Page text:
The Solano County woman’s case is particularly worrying because it highlights several weaknesses in the country’s COVID-19 preparedness. The woman reportedly checked into a local hospital with flu-like symptoms February 15. The patient was initially suspected of having COVID-19. But the woman wasn’t tested until February 25, largely due to a low availability of testing and federal recommendations that testing focus on people with known exposures (and she had no known exposure). Between that time, her condition deteriorated, and she was intubated and put on a ventilator.

The first clear weakness is the low availability of testing, which has mainly been done in labs run by the Centers for Disease Control and Prevention. The agency has sent testing kits to states, but some states reported problems with their kits. The CDC has been trying to work out an unspecified glitch in the kits, but the process has been slow. So far, the CDC has reported testing 459 people, which is just a fraction of the number of people who have been tested in other countries.

“This has not gone as smoothly as we would have liked,” Dr. Nancy Messonnier, director of the CDC’s National Center for Immunization and Respiratory Diseases, said in a press briefing Friday. She reported that the CDC has come up with a workaround that will allow states to increase testing.

Increased testing capacity is critical for identifying new cases and preventing further spread of the virus within the US, particularly with the possibility of community spread—and the community in which the first case was identified points to another weakness.

Suspicious spread

The first case of potential community spread occurred in Solano County, California, which just happens to be where hundreds of repatriated citizens—at high risk of carrying the virus—have been quarantined. Repatriated citizens began arriving at Travis Air Force Base, located in Solano, at the beginning of February, a week or two before the woman developed symptoms. The potential community spread near where high-risk groups of people have been housed raises the possibility that the quarantine failed.

That concern was reinforced by news of a whistleblower allegation that the Department of Health and Human Services sent untrained personnel without proper protective gear to handle those high-risk repatriated citizens. If true, HHS put employees at risk of contracting the virus and then spreading it to their families and communities.

According to the whistleblower’s complaint, 13 unprepared employees were sent to Travis Air Force Base in Solano between February 2 and February 7, when planes loaded with repatriated citizens were arriving. The complaint alleges the employees were not tested for coronavirus afterward and returned to their normal offices and duties, with some taking commercial flights back to their stations in various unspecified parts of the country.

The CDC did not respond to questions from Ars regarding the potential that the quarantine at Travis Air Force Base failed.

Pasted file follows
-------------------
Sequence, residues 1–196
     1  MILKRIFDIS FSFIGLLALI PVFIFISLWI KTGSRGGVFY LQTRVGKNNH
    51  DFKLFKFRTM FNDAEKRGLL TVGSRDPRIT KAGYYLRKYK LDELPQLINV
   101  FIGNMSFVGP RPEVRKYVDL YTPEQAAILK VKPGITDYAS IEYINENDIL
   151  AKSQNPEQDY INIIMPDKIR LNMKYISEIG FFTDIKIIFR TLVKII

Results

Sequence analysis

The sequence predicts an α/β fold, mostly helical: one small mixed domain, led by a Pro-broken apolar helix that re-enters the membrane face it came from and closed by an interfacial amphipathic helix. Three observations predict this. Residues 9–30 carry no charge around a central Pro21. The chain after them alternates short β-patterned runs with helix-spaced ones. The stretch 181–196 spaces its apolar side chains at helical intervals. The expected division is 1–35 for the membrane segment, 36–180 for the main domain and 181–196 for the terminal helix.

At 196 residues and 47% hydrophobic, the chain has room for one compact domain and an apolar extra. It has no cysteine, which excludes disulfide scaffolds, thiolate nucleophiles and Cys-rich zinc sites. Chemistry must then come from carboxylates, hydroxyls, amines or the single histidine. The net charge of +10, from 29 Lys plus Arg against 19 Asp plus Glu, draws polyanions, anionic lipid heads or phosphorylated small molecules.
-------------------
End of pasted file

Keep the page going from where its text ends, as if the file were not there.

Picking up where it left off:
The three other potentially community-spread cases appear to be unconnected to the Solano woman, according to The Washington Post. One case is in a 65-year-old woman from Santa Clara County, California. The case in Oregon was in a person from Washington County who had spent time in an elementary school near Portland. That school has now been closed for cleaning. The case in Washington state is in a high school student from Snohomish County, just north of Seattle. That student’s school has also been closed, and students with known contact are being isolated at home for 14 days.

The cases are an alarming sign that the US has failed its duty to be ready and has already lost control of the virus.

Communication breakdown

Last, reports this week raised concern of yet another weakness in the country’s preparedness—that information about the virus and the situation in the United States may be being censored by the Trump administration. According to a report Friday in The New York Times, all statements and appearances from federal officials regarding the coronavirus—including, it seems, those from CDC officials—must now be filtered through the office of Vice President Mike Pence, whom President Trump appointed Wednesday to lead the coronavirus response.

The move has reportedly buttoned up leading experts, notably Dr. Anthony Fauci, one of the country’s foremost experts on viruses and infectious disease and the director of the National Institute of Allergy and Infectious Disease. According to the Times, Dr. Fauci has told colleagues that the White House instructed him not to say anything else without clearance.

Likewise, in the CDC’s briefing Friday, Dr. Messonnier’s comments sounded more carefully vetted than normal and included a conspicuous reference to President Trump. It marked the first time the CDC had referenced the president in a briefing on COVID-19 cases, according to transcripts of the briefings.

“As always, President Trump’s and our number-one priority is the health and safety of the American people,” Dr. Messonnier said in her opening remarks Friday.

The CDC declined to a request from Ars for comments on the reported censorship.

According to CDC’s archive of transcripts, Dr. Messonnier had only mentioned the word “trump” on one other occasion, on February 3, when she said, “And certainly, what I’ve seen in situations like this, science should trump everything else.”

Kent